Last week, I presented Ingenta's latest Top Trends in Trade Publishing at Book Industry Communications' annual New Trends seminar. We covered a lot of the topics that we identified as key trends at the beginning of this year, which were: -
- Mobile reading (and why publishers should take it seriously)
- The growing pains of ebook subscription services
- The challenges and opportunities of Direct to Consumer Publishing
- Why content marketing is a commercial opportunity for publishers
To this list we added a more recent trend, which was the growing commercial and popular power of Fan Fiction. This is a huge and vastly under-reported segment of the content industries. Some estimates suggest that a third of all the content posted on networks like Tumblr or Wattpad is fan fiction. It's a parallel universe, where fans themselves take the brands, characters and stories they love and remix them for themselves and the fan communities they belong to. It's also a sector that pays scant attention to copyright laws, apart from the kind of licensed fan fiction that Amazon has tried to kickstart with Kindle Worlds.
Nevertheless, the way that fan fiction takes a piece of Intellectual Property and chops it up, plays with it and distributes it over multiple networks and media (even when it doesn't have the legal right to do so) is a very pure expression of the kind of creative approach to content exploitation that we at Ingenta have been talking to publishers about for a very long time. The possibilities opened up by digital media mean that the book is often only the beginning of the commercial life of a piece of IP. Yet it still remains the only focus of many publishers, who find it conceptually and practically difficult to unbundle the book and sell it as chapters, or a serial, or even a content marketing campaign paid for by a brand advertiser. The book is treated as the end-product of the publishing process, when it could be just the beginning.
This led me to think about why innovations like Wattpad or Amazon's Kindle have been so much more successful than trade publishers in capturing new audiences and new opportunities. And it just happened that a blog post by the analyst turned VC Benedict Evans, about what he calls 'permissionless innovation' published at the end of last week explains this phenomenon perfectly. He wrote: -
"Back in 1990, the term we often used to describe a digital, connected future was 'information superhighway'. No-one calls it that anymore.
"The term 'information superhighway' does a great job of capturing the assumptions that people had then about how this stuff would develop. It would be built by AT&T and British Telecom and the German state post, telegram and telephone ministry and so on, and the 'interactive services' would be assembled by big companies like the BBC and Disney and, yes, the New York Times. Of course, you'd look at it all on your TV, because no normal consumer would use a PC for this.
"That is, there was going to be a centrally designed, top-down system, and bureaucrats, functionaries and big company executives would decide what got built and what you could see. Instagram would be an interesting proposal that landed on the desk of the Deputy Assistant Vice President for Entertainment; Teenagers (category: fun, subsection: filters)."
If we apply this analysis to what the likes of Amazon and Wattpad have done in the past 10 years, we see something really interesting. Both companies have outmanoeuvred trade publishers by taking what publishers do (find stories, connect stories with readers, publish books) and then creating a whole new set of products and services that allow them to do all of these things without having to ask a publisher's permission first. Kindle Direct Publishing offered millions of authors the chance to publish their own books and access a global market of readers. Wattpad enabled teens to take the stories they've written about Harry Styles' love life and put them in a place where millions of other fans can read them. They also offered a route to market that an individual content creator could control, unmediated by the publishing industry.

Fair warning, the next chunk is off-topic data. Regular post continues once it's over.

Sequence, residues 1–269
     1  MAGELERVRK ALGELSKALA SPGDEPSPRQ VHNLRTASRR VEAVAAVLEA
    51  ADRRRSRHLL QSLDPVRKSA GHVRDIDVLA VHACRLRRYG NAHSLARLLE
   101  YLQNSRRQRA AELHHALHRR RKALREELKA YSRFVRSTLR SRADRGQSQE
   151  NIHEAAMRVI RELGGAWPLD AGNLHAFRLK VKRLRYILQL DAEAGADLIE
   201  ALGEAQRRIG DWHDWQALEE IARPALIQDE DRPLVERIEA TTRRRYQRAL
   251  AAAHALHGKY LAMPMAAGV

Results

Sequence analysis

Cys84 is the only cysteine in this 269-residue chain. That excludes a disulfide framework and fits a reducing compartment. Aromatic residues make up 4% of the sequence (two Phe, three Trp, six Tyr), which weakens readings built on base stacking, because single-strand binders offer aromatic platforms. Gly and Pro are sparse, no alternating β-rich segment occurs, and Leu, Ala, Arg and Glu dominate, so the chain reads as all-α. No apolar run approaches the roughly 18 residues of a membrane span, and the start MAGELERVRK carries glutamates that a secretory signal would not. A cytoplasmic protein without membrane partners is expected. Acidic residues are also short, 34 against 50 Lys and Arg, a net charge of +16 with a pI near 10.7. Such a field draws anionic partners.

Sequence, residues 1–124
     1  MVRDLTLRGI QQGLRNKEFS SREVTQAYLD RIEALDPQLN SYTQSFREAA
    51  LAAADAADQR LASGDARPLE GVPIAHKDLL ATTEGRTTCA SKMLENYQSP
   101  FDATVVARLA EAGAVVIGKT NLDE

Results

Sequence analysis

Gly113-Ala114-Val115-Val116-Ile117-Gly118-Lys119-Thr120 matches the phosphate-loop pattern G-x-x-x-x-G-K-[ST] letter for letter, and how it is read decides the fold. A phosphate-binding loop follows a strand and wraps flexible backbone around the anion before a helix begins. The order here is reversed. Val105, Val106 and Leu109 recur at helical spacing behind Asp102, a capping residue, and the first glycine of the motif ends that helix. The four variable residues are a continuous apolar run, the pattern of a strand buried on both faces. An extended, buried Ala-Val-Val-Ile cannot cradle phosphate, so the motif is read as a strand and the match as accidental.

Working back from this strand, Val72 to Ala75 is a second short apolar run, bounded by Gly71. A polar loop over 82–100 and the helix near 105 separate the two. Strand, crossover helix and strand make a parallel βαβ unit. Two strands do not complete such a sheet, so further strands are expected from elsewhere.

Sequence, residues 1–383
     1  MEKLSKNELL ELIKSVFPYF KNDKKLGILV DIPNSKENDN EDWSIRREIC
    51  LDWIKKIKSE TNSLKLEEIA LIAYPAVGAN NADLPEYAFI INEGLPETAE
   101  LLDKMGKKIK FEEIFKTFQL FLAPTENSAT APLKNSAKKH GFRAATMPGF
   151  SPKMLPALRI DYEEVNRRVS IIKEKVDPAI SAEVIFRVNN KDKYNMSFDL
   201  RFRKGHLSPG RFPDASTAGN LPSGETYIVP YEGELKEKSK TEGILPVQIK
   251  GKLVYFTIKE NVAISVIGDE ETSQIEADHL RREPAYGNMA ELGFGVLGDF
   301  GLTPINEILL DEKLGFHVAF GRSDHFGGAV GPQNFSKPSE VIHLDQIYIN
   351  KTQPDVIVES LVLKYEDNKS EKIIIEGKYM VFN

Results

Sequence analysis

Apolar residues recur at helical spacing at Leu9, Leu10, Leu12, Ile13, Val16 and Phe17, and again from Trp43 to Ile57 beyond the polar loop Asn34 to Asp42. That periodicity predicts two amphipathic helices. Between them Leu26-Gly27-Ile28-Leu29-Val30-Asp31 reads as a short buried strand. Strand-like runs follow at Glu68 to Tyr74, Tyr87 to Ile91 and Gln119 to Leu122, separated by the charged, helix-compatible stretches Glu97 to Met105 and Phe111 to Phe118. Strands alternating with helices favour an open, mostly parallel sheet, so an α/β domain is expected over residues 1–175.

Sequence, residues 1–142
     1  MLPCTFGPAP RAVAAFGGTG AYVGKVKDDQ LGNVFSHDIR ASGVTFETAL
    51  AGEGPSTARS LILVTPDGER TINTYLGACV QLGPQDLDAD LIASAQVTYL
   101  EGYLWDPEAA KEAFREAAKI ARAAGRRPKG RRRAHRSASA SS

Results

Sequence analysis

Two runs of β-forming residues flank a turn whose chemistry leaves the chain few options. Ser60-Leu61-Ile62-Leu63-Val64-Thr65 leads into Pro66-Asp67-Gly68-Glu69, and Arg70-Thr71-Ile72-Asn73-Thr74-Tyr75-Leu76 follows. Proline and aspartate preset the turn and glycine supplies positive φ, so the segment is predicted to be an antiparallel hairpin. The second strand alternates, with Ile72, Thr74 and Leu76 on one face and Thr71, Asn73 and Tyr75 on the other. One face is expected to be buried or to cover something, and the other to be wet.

Not only does the concept of 'permissionless innovation' explain the success of Kindle and Wattpad, it also explains why so many publishing-focused start-ups fail. While Wattpad has focused on being the network that hosts an entirely new form of content, many publishing start-ups instead want to take publishers' content and put it on another platform. This makes them dependent on publishers who need to be convinced the start-up has the right business model, will take care of their content and will provide a financial return that's comparable to a traditional retail sale before they hand over the right to sell their IP. Instead of innovating, they end up negotiating.
By focusing on the content creators that traditional publishers either ignored (self-published authors) or didn't know existed (fans) Amazon and then Wattpad have instead created new, parallel publishing industries. Along the way they have also nurtured the creation of vast quantities of new IP which can, in turn, be attractive to traditional publishers. There's no better example of how this can work than E.L. James' Fifty Shades of Grey, which started life as a piece of Twilight fan fiction before making the jump first into self-published book and second as a traditionally published sensation that has sold 150 million copies and become a film and even a range of baby clothes.
The genius of Wattpad and Amazon's products and services is that when they do crossover with traditional publishing they bring a ready-made audience with them, and tend to make a fortune. Yet these two parallel industries can still do very well without the other.